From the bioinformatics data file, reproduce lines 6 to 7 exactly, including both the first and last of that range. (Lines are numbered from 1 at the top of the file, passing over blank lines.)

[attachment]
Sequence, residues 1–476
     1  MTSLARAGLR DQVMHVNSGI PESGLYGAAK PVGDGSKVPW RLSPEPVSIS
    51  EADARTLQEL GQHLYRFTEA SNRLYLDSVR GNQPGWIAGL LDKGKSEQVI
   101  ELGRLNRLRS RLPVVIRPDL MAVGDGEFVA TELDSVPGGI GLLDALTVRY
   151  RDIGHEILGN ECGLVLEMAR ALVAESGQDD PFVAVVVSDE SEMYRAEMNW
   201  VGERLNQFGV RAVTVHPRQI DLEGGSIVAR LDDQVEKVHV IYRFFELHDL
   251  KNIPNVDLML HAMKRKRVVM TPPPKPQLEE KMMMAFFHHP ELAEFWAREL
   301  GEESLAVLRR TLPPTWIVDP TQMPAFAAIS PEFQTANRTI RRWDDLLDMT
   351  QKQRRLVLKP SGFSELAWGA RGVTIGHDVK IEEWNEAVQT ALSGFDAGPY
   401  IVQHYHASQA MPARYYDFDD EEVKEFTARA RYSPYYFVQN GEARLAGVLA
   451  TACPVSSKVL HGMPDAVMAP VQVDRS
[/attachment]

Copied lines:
   201  VGERLNQFGV RAVTVHPRQI DLEGGSIVAR LDDQVEKVHV IYRFFELHDL
   251  KNIPNVDLML HAMKRKRVVM TPPPKPQLEE KMMMAFFHHP ELAEFWAREL